In summary, because of these properties, CAPS dressings are considered as a bioactive wound dressing and expected to accelerate the treatment for burn wound healing. There were few products made from CAPS related to surgery and wound management previously but, due to the small amount of these fibers used in total product with high-cost manufacture, it seems not profitable to continue the production. With the improved technology lately, CAPS has been developed into spinning fine dressing as an applicable wound dressing. Together with the increased understanding of CAPS beneficials in accelerating burn injury treatment, it is expected that CAPS dressing will give potential value for medical and business field simultaneously.

5. Conclusion

As the glycosaminoglycan (GAG) has influential roles in the stimulation of rapid wound healing, calcium alginate polysaccharide (CAPS), which contains a rich amount of GAG, can be regarded as a remarkable material-based wound dressing option. Since this material had technically actualized into spinning fibers woven or non-woven, it is expected that CAPS-containing wound dressing not only gives an optimal burn injury treatment alternative in medical field but also can rise up the textile industry value from the business perspective. Owing the significant benefits as an “active” dressing for burn wound recovery, such as rapid wound closure with less scarring formation, minimum bacterial infection, cytokine enhancement regulation, and appropriate inflammatory response and pain regulation, which have been demonstrated in several studies and clinical trials, therefore, the CAPS dressing holds a promising potential as the advisable preference of burn injury treatment strategies with highly desirable properties.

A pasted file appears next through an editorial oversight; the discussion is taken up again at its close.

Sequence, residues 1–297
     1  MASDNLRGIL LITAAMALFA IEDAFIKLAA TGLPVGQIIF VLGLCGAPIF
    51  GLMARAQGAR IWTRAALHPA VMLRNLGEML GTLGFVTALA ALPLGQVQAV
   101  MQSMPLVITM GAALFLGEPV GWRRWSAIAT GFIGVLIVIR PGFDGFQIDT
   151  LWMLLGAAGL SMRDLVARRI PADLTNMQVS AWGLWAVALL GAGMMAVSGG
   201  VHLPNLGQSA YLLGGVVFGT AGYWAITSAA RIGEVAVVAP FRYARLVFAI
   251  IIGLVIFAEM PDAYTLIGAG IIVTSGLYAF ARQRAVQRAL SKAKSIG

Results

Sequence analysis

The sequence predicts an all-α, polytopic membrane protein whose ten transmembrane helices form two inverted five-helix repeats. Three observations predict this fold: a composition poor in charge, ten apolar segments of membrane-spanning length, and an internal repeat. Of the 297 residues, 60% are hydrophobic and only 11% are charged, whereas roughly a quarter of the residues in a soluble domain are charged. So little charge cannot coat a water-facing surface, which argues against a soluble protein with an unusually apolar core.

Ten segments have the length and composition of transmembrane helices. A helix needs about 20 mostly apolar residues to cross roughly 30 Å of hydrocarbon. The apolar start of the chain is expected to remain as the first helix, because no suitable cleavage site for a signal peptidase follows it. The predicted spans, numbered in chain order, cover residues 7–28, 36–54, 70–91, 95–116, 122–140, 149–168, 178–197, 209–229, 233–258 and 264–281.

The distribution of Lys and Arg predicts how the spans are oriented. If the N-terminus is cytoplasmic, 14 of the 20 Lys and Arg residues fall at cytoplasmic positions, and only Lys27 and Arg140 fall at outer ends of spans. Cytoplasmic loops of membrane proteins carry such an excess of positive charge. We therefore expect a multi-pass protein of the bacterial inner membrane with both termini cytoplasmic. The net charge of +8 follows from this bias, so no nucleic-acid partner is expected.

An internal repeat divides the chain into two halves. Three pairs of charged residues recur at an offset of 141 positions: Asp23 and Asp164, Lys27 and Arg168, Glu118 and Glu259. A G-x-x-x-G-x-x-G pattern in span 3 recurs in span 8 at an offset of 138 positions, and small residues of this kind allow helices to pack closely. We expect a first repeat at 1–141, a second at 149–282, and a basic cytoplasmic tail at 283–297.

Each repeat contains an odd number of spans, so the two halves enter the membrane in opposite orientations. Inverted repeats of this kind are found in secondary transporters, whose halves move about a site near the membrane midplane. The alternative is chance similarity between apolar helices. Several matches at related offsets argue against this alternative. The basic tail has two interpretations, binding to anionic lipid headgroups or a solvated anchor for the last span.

Acknowledgments

The author would like to thank Dr. Chih-Hsin Wang (Department of Plastic and Reconstructive Surgery) and Dr. Cheng-Che Liu (Department of Physiology and Biophysics, Graduate Institute of Physiology) at Tri-Service General Hospital, National Defense Medical Center, Taipei, Taiwan (ROC), for their helpful discussion during this chapter writing.

Conflict of interest

The author declared no potential conflicts of interest with respect to the research, authorship, and/or publication of this article.

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Juin-Hong Cherng (November 5th 2018). Calcium Alginate Polysaccharide Dressing as an Accelerated Treatment for Burn Wound Healing [Online First], IntechOpen, DOI: 10.5772/intechopen.80875. Available from: